March 29th, 2017

Why Spinningfields In Manchester Is A Must Visit For Food Lovers

By Evening Standard

Why Spinningfields In Manchester Is A Must Visit For Food Lovers

If there’s one city where the culinary scene is buzzing right now, it’s Manchester. 

Restaurants are popping up here at a faster rate than anywhere in the country, while leading London venues such as Hawksmoor and Zetter Townhouse have rushed to secure prime spots in the city centre.

The Michelin Guide may have snubbed the city in last year’s list of one, two and three-star establishments, but one of Europe’s most successful regeneration projects has created an incubator for adventurous restaurateurs in the heart of the city, which is well worth any food lover’s attention. 

City guides often tell non-natives that the Northern Quarter is the hub of ‘new’ Manchester, and while it does indeed make for a brilliantly boozy night out, it’s financial and commercial hub Spinningfields that’s fast establishing itself as the city’s culinary quarter.

Here are some of under-the-radar highlights that gastronomes would be silly to miss.


Why Spinningfields In Manchester Is A Must Visit For Food Lovers

This vast basement bar opened to fanfare in 2011, erecting an ominous Louvre-style glass pyramid entrance on the site of the old Manchester Evening News. It has since failed to make the impact on the food scene that it deserves, thanks to a to-ing and fro-ing of head chefs. The first thing you should know about Australasia, is that it seems to be the place to see and be seen. The decor is notably bling, as is the clientele - but don’t let that put you off. Step away from the footballers and Friday night drinkers at the subterranean cocktail bar (a rather literal take on going ‘down under’) and you’ll find a first class ‘pan-cuisine’ restaurant that serves up Australian fare inspired by Indonesia, Japan and the Pacific Rim.

Australasia’s menu is understandably then, exhaustive, split between sushi, sharing plates and main courses - but it’s not a case of all filler, no killer. The food is consistently good, despite being somewhat of a jack of all trades. The crab tempura is light and zesty, the Cambodian beef skewers are moreishly tender while a plateful of lamb cutlets with a thick peanut sauce packs delicate yet punchy flavours. The black cod is up there with the best of them: a sublimely juicy chunk of sablefish with a sweet honey and soy dip. None of it comes cheap however - think central London prices, but neither should it. The cooking is bold and clever, showing how ingredients from across the globe can come together to create something truly brilliant.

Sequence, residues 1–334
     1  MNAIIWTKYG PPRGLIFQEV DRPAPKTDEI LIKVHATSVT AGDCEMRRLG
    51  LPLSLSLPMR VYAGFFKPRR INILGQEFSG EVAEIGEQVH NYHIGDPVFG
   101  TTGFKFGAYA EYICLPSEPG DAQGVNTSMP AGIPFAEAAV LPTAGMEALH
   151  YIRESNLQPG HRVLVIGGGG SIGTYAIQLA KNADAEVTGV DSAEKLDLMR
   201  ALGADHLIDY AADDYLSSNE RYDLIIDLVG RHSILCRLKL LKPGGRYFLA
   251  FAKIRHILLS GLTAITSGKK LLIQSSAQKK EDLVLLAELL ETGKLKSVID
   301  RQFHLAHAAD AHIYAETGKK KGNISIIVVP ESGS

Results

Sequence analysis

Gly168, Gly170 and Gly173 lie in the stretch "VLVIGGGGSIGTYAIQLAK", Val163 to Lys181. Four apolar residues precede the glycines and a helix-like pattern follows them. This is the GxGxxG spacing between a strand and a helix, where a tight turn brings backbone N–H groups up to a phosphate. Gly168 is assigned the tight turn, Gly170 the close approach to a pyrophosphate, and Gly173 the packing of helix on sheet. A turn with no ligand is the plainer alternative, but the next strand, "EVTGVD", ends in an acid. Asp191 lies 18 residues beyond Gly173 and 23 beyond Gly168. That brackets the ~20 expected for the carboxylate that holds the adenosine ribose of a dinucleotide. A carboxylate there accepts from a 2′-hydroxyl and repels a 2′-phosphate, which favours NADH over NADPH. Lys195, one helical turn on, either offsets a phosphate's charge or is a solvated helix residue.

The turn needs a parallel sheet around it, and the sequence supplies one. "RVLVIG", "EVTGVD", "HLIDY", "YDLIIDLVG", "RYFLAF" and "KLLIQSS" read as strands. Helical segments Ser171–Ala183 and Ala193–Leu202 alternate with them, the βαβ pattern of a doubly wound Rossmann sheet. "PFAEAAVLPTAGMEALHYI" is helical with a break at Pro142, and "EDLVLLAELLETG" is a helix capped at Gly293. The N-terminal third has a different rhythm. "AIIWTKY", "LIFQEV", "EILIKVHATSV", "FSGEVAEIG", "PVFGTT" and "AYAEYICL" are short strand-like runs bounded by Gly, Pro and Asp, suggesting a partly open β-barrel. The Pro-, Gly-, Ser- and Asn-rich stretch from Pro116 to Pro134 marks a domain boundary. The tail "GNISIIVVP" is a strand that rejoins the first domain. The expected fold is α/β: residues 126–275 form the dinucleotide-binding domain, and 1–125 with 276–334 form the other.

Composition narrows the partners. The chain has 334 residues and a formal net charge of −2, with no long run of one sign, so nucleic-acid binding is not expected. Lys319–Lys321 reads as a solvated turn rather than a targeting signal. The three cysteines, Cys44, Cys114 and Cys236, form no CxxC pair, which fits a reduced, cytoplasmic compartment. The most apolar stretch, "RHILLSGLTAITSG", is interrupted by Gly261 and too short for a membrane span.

1, The Avenue, Manchester M3 3AP.

Manchester House

Why Spinningfields In Manchester Is A Must Visit For Food Lovers

Aiden Byrne famously became the youngest chef in Britain, at the age of 22, to be awarded a Michelin Star for his menu at Adlard’s in Norwich. After opening a series of establishments across the North West, he’s recently turned his attention to Manchester - opening the eye-watering expensive £3 million Manchester House in 2014. The trendy industrial-style restaurant can be found at the top of what could otherwise be described as a run-of-the-mill office building, with a rooftop bar that has spectacular views over the city.

If you do make a booking, come here hungry: while there is the choice of a la carte, you should make the most of the 10 and 14-course tasting menu with wine pairings. Highlights on the menu include a comforting Lancashire classic: Ribblesdale goat’s cheese and onion soup with Iberico ham jelly, raw scallop in sushi vinegar and a show-stopping suckling pork belly, smoked apple, celeriac and eel. The presentation may be gourmet, but Byrne’s food is refreshingly Northern at heart and the proof is in the pudding - a delicious upmarket take on Manchester Tart (a staple dish on local school dinner menus in the 70s). Its design and food is pretty radical for a city that otherwise isn’t known for its ambitious high-end fare, making it the destination restaurant that the city has long deserved. 

18-22 Bridge St, Manchester M3 3BZ.

The best of the rest…

It may look like Manchester’s take on the Canary Wharf, but Spinningfields is so much more than a booze and business district. If you’re in town for a week, Australasia is sandwiched by outposts of Gaucho and Hawksmoor, both of which have become popular additions to the neighbourhood. The Alchemist in Aldgate is a staple spot for great cocktails in the capital, but its first and original bar started life in Spinningfields. For less formal bites, there’s Thai street food restaurant Thaikun, bistro-style lunch spot Artisan and South American rodizio Fazenda.

Other foodie highlights include modern Chinese restaurant Tattu, a favourite with the WAG crowd that could give Hakkasan a run for its money and celeb haunt Neighbourhood. Saved some space in your waistband? You could always make the short 10-minute walk to The French at The Midland Hotel, another contender in the star race that’s headed up by Adam Reid and famed for its ox in coal oil.

Even if Messrs Michelin haven’t yet come on board, there are plenty of palette-pleasing reasons to venture out of London next weekend.

Tags: Australasia, Food, Manchester, Manchester House, Review, Spinningfields
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When you approach Tower 12 in Spinningfields Manchester, it looks like a very normal city tower, don’t be fooled. Inside lies a very special experience for both food lovers and lovers of a life with a view. Two stunning independently different environments. The Lounge on level 12 and the Restaurant by Aiden Byrne on level 2.